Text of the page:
Only those fees paid to your divorce lawyer that are directly attributable to tax advice and/or related to the production of taxable income (such as alimony) can be deducted.
You may want to ask your lawyer at the conclusion of the case if he or she can give you a breakdown of what portion of the fee you paid her, if any, was related to tax advice or the production of taxable income. If the case does not involve alimony or other tax issues (for example, the sale of a house or stocks or the division of a retirement account), you may not be able to deduct any of the fee.
If you have specific questions related to this issue in your case, talk to your lawyer or tax advisor.
SOURCE: Alabama Family Law Blog
Let’s first dispel a popular misconception: Forensic does not mean dealing with the dead, as in Forensic Pathology’s well known Dr. Quincy. Black’s Law Dictionary defines Forensic as "Belonging to courts of justice". Breathe a sigh of relief-Divorce and Death are not joined at the hip!!
Often, a participant in a divorce is forced to address a significant amount of financial detail for the first time. This, of course, is in addition to all of the other practical and emotional considerations affecting their lives. Spouses generally understand the basics of the family finances, but it is often the husband who assumes the role as the head of the family financial affairs. It is not uncommon in the divorce process that investments, bank and brokerage accounts and other assets are "discovered" that were unknown to a participant. In addition, if a business is involved, the non-participant often understands little about the affairs of the business.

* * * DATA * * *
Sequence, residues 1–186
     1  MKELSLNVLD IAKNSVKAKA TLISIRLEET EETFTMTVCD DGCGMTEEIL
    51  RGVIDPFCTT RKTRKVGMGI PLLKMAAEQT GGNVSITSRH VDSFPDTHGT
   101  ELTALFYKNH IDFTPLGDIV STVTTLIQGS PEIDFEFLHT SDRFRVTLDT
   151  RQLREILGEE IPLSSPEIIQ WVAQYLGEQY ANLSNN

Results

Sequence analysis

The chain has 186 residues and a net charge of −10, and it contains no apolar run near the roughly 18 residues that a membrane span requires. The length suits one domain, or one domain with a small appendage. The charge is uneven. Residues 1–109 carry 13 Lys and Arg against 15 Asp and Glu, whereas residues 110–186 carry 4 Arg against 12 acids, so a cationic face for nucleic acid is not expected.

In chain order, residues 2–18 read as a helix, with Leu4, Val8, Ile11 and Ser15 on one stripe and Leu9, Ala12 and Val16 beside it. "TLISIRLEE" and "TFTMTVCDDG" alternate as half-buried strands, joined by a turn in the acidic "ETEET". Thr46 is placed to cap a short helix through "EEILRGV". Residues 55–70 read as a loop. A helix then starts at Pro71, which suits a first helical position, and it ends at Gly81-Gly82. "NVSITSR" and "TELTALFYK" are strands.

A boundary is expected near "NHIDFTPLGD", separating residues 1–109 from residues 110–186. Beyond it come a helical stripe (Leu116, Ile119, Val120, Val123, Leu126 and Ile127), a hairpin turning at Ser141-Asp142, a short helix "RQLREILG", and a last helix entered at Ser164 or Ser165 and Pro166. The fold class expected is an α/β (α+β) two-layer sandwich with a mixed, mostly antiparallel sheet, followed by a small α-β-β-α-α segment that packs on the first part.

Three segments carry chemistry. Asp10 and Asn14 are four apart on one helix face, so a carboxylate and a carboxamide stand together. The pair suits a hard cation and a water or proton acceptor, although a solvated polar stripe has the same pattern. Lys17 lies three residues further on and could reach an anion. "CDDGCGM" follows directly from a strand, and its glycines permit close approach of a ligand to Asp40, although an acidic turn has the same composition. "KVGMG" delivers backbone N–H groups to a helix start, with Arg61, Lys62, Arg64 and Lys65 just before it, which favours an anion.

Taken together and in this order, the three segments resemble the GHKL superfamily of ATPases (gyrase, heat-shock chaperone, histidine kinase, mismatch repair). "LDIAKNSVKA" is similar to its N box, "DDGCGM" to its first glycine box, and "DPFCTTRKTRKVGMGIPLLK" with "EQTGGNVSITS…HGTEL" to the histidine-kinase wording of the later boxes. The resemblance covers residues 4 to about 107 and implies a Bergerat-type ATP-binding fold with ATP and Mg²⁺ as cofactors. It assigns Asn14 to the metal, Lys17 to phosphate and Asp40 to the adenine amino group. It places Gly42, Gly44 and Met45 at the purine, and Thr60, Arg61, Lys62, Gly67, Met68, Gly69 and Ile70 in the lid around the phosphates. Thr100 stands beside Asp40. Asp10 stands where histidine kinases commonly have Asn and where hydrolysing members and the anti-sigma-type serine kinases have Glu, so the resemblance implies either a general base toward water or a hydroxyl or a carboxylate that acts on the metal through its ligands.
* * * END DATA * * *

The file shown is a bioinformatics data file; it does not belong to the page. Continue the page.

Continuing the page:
An experienced Forensic CPA has training and experience in understanding and locating financial information and knowledge of the Divorce process. Consequently, he or she is an invaluable member of your professional team when you are in the process of a dissolution. Let’s look at several areas where this experienced professional will serve you well: